Joel Simkhai founded Grindr, a dating app for men in the LGBTQ+ community in 2009. He says he launched the app with a “selfish desire’ to meet more gay men. Today, Grindr has over 4 million users and has become the world's largest social networking platform for men from the LGBTQ+ community to interact.

In an interview Joel shared, “ As a kid I was teased, teased for being feminine, I guess for being gay. So a lot of my early life was just in denial about it with myself and others. But by 16 and as I started getting older, I realized that I like guys”.  “My story is the story of every gay man. We are seen as a minority in some ways and the services out there weren’t that great. I am an introvert so I don’t really do well at being who I am right away but online seemed like my comfort zone”.  It all begins with meeting someone, he adds.

 

Ana Arriola works as the General Manager and Partner for Microsoft. Born male, when she was six, she knew for the first time in her life that she was female. She pushed that forward. Ana says, “I learned about how I can apply that uniqueness I have as a person into entrepreneurship. In junior high, I was running a business out of my locker.”

Through all her high-flying professional and personal experiences, Ana is still mindful to apply all her learnings into her three core principles: human, simple, and authentic. “I take that approach,” she says. “I question everything I do, and I’m not influenced by anyone.” And she suggests we all do the same. “Don’t be persuaded. Don’t be told how or what you should be doing in your life. You define it yourself.”

 

Megan Smith the former CTO of the United States has always been vocal about the need to push inclusion. Most central to her message, however, is the key insight that is most often lost: not only is inclusivity a part of technology’s future, it was also a seminal part of its past. Ada Lovelace, for example, an English woman born in 1812, was the first computer programmer; Katherine G. Johnson, an African-American woman featured in the Oscar-nominated film Hidden Figures, helped put NASA astronauts on the moon.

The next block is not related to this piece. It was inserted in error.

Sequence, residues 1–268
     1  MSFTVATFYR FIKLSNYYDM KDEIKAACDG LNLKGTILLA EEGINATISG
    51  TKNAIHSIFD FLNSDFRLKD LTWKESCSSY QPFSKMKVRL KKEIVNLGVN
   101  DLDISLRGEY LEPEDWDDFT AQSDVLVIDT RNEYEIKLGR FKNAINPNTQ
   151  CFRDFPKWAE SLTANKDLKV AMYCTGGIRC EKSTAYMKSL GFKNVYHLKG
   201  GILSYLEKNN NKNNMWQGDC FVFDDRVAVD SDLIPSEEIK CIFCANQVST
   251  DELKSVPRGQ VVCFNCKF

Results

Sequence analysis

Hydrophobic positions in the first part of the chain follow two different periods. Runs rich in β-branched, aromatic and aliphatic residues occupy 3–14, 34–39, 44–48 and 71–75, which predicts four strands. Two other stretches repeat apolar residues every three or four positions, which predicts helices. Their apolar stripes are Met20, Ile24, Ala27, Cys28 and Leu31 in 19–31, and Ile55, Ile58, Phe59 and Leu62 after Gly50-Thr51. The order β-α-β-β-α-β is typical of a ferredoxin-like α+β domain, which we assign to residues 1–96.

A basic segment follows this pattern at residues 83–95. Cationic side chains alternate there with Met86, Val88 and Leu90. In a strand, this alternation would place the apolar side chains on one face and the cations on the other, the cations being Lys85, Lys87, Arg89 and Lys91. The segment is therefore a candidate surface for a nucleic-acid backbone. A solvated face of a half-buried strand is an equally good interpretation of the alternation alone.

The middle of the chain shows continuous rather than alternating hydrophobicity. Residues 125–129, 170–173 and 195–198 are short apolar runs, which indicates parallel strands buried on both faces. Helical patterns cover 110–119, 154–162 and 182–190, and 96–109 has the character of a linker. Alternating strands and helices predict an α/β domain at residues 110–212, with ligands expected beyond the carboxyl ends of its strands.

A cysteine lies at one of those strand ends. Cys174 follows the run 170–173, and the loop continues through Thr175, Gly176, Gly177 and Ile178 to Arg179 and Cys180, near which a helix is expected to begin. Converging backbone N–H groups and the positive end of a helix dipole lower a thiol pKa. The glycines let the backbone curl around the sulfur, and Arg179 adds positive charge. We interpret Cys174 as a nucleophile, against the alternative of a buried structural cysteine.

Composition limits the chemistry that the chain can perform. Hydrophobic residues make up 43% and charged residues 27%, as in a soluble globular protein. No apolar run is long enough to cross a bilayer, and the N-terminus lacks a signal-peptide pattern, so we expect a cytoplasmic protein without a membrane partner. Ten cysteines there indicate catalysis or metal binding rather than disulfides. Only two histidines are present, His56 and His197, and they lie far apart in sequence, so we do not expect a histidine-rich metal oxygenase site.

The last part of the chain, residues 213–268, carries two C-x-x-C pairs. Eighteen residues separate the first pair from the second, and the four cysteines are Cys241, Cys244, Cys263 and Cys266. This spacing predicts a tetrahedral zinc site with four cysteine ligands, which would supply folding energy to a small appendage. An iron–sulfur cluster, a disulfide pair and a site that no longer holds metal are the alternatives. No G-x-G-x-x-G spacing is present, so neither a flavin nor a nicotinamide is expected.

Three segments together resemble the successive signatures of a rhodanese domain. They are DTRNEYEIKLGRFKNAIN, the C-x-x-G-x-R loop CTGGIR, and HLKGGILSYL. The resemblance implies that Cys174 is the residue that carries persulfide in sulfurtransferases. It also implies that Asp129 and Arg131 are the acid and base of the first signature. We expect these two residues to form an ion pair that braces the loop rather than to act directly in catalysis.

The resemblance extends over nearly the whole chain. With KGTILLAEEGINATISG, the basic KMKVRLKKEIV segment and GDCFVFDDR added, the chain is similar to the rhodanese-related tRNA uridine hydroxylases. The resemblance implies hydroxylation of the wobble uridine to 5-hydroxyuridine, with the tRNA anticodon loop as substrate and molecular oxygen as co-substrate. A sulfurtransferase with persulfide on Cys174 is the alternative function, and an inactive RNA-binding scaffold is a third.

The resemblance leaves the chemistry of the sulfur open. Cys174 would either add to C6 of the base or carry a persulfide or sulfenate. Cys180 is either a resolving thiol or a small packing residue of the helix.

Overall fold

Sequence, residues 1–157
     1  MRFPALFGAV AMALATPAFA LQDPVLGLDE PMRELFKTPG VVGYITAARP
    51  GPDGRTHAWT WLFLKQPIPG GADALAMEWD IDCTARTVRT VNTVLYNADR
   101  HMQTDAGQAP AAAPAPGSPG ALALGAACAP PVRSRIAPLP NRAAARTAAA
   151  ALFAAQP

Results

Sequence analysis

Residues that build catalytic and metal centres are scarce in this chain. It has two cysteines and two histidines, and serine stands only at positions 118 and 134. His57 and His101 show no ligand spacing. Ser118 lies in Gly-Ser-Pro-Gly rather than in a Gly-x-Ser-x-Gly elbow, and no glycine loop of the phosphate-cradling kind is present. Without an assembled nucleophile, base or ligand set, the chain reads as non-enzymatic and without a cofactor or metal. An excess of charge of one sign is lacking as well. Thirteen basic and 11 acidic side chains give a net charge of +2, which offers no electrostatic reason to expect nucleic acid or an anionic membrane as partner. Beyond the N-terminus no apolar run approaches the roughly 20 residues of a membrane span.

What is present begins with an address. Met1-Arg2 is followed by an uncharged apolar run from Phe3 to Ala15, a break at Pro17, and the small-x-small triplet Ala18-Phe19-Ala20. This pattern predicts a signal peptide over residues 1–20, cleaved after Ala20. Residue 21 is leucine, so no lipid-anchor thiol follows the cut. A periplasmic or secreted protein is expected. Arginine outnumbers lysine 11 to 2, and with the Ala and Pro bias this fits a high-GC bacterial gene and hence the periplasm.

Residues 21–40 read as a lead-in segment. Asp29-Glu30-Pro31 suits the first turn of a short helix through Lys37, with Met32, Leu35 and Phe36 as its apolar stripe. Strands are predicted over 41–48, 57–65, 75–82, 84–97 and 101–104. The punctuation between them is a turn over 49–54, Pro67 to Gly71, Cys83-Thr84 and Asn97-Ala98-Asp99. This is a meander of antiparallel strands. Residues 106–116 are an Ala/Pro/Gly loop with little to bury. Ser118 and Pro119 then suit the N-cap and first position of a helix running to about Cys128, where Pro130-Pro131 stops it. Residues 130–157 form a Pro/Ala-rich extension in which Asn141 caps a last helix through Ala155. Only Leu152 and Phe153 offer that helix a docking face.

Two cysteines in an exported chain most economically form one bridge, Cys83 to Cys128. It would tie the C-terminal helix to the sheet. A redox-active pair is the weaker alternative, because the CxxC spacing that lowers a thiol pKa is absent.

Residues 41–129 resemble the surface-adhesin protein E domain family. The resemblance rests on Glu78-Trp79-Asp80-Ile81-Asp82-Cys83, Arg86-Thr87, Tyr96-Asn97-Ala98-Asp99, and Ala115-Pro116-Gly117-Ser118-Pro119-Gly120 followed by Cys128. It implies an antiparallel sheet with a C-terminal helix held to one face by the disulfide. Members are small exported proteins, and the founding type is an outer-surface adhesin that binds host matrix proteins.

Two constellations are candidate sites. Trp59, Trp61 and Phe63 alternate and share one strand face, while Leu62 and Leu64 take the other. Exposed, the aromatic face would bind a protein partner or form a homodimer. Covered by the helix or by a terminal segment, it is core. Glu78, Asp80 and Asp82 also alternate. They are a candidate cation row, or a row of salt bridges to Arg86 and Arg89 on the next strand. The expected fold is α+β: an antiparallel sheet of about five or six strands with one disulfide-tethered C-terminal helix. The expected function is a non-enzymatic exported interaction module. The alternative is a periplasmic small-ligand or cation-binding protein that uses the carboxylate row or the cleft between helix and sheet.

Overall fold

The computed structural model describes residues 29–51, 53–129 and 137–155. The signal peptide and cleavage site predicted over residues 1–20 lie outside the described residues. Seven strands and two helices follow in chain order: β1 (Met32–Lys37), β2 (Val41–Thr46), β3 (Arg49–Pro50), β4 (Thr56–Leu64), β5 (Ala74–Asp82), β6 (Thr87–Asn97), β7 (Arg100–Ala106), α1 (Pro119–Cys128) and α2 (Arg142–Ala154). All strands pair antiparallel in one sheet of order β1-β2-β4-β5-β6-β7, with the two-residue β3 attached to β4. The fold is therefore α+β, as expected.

In 2003, in an interview Megan said, “When you are gay, you come out everyday because everyone assumes you are straight. But you have to be yourself." Smith also hopes to open up the tech industry to more women and encourage girls to pursue a career in it. 

 

A tech entrepreneur, with his LA-based venture firm Baroda Ventures, founded in 1998, David Bohnett is also the Founder of Geocities, which remains the first largest internet venture built on user-generated content, founded in 1998 and acquired by Yahoo in 1999. Geocities was cited #2 by TechRadar in its list of ‘20 websites that changed the world’ back in 2008.

Bohnett came out to his family post his graduation and worked extensively towards equal rights for gays and lesbians, and towards legalizing same-sex marriage. He founded the David Bohnett Foundation, dedicated to community-building and social activism addressing concerns across a broad spectrum of arts, educational, and civic programs. The first openly bisexual US congressperson Krysten Sinema and the first openly gay mayor of a major US city (Houston), Annise Parker, are both alumnis of the LGBT Leadership Fellows run by his foundation that trains LGBT leaders for local and state governments.